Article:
A Step Towards Gender Equality?

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The Australian Government Workplace Gender Equality Agency (WGEA) just released its latest gender equality data and scorecard, with some promising news.

(Click here to access the WGEA’s report.)

The gender pay gap seems to be closing (down 1.6 percentage points), and female representation among business leaders seems to be growing (up 2.4 percentage points). The bad news is that there’s still a gender pay gap in Australia and that we still have not achieved gender equality among leaders.

Consistent with our findings in the Study of Australian Leadership, the glass ceiling is clearly a problem. Gender inequality is more evident as we go higher up the management hierarchy.

But, overall, are we heading towards gender equality?

We can celebrate our small wins, but we shouldn’t get overconfident and “move on”. The data support the idea that there could be a trend towards equality, but it’s only the third year of data collection since the Workplace Gender Equality Act.

When the temperature goes up for three days, it could mean summer’s coming, but it could also just be a warm front. If temperatures for those three days were getting into the extremes — the 30s (Celsius) — we might be more confident that summer was here. Or, if the three days turned into two weeks, we’d have more confidence that summer was here. But it would be premature to declare the approach of summer based on what could be a short-lived warm front.

Similarly, if we want to be more confident that our efforts are leading us towards gender equality, we’d want to see a larger change (a quicker reduction of the pay gap and increase in female representation) or a change that extends across a longer period of time. And both of these would be ideal, of course!

So, while we can be pleased with what the recent data seem to indicate, let’s exercise caution and continue our efforts in this area.

Gender equality and related subjects like the pay gap, gender targets, or work flexibility should not be seen as “last year’s initiative” or “this year’s initiative”. These ought to be ongoing efforts that reach deep into organisational strategy and culture. You are permitted to cease to focus on diversity, equality, and inclusion only when you cease to focus on financial targets/viability of your organisation. The former is at least as important as the latter.

What should you do?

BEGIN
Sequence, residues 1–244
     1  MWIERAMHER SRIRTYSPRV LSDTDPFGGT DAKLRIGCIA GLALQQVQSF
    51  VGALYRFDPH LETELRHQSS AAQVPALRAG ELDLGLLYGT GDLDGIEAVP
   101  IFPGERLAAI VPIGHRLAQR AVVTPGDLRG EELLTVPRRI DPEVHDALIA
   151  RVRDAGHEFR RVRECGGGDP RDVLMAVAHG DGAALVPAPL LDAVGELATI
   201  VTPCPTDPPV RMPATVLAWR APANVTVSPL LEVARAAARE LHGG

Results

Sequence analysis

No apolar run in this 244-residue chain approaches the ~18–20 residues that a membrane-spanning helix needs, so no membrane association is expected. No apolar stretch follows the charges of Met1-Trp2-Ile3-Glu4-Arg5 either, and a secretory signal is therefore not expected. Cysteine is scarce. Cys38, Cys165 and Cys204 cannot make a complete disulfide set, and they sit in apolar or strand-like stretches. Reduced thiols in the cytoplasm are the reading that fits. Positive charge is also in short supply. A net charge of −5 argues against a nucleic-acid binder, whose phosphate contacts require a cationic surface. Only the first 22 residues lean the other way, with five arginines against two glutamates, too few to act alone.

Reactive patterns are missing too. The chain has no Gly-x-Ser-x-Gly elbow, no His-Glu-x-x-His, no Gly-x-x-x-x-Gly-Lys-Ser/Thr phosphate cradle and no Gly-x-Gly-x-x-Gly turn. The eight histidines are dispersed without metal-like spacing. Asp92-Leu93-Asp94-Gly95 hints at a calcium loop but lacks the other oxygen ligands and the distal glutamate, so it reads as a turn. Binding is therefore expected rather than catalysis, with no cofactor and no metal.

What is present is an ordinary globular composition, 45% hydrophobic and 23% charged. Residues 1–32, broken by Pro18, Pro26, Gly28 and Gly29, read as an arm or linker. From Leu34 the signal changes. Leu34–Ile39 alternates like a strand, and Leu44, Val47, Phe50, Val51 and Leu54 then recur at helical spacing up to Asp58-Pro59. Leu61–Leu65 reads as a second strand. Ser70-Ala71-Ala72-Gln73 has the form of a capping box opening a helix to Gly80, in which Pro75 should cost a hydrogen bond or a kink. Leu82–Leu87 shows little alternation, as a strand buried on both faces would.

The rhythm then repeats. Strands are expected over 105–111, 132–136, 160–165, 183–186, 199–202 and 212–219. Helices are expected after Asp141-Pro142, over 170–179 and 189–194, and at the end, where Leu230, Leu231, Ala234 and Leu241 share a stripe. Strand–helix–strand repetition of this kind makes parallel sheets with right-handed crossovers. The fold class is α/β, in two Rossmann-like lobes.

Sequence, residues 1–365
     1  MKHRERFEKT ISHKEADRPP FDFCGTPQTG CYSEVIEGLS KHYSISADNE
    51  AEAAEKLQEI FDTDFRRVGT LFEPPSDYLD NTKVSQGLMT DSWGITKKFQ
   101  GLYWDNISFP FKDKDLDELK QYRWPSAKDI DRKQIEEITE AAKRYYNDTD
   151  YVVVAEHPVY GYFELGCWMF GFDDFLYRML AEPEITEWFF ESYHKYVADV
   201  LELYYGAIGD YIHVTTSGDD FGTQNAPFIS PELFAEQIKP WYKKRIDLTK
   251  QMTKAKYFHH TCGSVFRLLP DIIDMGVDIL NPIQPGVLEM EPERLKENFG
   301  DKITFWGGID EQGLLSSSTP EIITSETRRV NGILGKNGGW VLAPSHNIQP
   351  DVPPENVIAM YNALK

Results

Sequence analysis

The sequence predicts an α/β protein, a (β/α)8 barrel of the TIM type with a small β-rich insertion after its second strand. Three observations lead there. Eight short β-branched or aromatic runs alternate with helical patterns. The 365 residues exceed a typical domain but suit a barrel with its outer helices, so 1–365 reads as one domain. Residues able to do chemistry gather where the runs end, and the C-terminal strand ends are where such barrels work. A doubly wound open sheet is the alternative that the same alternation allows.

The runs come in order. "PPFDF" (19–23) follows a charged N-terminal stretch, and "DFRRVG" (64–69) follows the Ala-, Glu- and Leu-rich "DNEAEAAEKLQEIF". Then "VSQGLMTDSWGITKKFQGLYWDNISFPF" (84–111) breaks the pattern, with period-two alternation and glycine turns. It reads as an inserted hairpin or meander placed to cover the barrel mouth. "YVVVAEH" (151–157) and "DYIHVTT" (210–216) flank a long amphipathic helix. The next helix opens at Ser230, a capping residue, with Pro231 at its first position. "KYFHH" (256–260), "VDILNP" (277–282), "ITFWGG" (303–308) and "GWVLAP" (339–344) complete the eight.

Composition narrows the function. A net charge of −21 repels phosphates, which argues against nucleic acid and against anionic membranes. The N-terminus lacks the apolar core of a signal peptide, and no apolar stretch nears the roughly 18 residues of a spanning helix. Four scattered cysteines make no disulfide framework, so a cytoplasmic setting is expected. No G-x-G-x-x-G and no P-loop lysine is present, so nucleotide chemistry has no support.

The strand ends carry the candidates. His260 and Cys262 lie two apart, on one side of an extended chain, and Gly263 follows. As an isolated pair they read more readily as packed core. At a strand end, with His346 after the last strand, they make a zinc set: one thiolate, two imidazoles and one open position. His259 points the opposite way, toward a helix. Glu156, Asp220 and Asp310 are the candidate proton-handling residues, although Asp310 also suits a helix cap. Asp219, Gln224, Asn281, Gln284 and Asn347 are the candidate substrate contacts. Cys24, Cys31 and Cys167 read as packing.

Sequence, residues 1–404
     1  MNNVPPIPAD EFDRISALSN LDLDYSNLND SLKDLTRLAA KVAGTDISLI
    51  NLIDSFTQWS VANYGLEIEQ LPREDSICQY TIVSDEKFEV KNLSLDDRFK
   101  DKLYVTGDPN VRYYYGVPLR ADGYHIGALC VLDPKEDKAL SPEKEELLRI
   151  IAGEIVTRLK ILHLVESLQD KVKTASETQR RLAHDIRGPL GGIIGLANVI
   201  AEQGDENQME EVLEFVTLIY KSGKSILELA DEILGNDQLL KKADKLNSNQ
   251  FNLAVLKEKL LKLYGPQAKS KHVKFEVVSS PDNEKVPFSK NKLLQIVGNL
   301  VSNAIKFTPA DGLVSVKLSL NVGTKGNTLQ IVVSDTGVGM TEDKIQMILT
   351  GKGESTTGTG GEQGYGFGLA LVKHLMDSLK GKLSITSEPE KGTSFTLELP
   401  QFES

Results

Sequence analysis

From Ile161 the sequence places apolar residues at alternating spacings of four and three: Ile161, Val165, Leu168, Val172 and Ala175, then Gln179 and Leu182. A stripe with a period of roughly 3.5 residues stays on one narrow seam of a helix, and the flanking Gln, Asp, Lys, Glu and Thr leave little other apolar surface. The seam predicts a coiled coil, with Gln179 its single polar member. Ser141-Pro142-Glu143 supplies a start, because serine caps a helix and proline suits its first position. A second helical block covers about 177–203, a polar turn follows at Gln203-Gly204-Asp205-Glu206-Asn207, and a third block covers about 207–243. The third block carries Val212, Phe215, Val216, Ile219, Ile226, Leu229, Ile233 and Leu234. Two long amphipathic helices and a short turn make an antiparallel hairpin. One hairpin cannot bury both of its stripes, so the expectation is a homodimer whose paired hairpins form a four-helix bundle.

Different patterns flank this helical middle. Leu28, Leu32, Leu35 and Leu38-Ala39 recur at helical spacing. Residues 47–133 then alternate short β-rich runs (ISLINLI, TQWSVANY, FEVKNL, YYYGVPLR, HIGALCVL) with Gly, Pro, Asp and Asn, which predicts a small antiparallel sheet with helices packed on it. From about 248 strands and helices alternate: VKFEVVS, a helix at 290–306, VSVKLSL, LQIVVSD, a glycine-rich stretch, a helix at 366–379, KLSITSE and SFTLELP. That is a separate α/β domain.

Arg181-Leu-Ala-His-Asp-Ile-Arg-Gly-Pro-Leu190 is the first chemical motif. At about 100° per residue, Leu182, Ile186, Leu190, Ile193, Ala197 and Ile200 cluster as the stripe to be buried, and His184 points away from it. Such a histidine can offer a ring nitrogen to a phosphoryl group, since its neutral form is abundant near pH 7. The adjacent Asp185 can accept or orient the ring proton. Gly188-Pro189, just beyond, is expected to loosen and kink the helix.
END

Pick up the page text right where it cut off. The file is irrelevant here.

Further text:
There are a few things you and your leaders should do, if you haven’t already…

1. Learn more about gender equality. Find out how to develop a gender equality strategy for your organisation with the WGEA’s resources. The Centre for Workplace Leadership, supported by the Commonwealth Department of Employment, used this approach in 10 different organisations. These case studies are posted on our website.

2. Do your own research. The WGEA’s data collection spans three years, but your organisation may have data that goes back further. You could conduct your own pay gap analysis and track gender representation over time. Learning more about your organisation’s history and current situation will help you channel your efforts more effectively.

3. Promote flexible work arrangements. They’re a great way to promote gender equality, as well as equality on age, disability, and other characteristics. The WGEA provides a number of resources, and the Centre for Workplace Leadership is doing exciting work in this area. Take a look at some of our work on our website, and stay tuned for more.

4. Find out more about the academic research on diversity and diversity management. I provide a brief summary of some core work in my three-part blog series. Also take a look at our Study of Australian Leadership for a discussion on diversity in leadership. Make sure that your professional and organisational activities are informed by evidence. Don’t let catchy listicles, pop management books, or leadership fads determine what you do.

5. Stay tuned. Watch our website and follow us on social media for more on this and other important topics in diversity, inclusion, and leadership more generally.

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Header image credit: MAURO CATEB.